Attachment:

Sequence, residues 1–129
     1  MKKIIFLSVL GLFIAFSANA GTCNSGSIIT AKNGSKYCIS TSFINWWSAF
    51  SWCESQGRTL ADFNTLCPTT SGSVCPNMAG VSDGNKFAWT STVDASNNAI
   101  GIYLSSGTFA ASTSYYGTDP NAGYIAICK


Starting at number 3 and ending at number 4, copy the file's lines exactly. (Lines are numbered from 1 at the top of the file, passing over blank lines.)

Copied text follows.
    51  SWCESQGRTL ADFNTLCPTT SGSVCPNMAG VSDGNKFAWT STVDASNNAI
   101  GIYLSSGTFA ASTSYYGTDP NAGYIAICK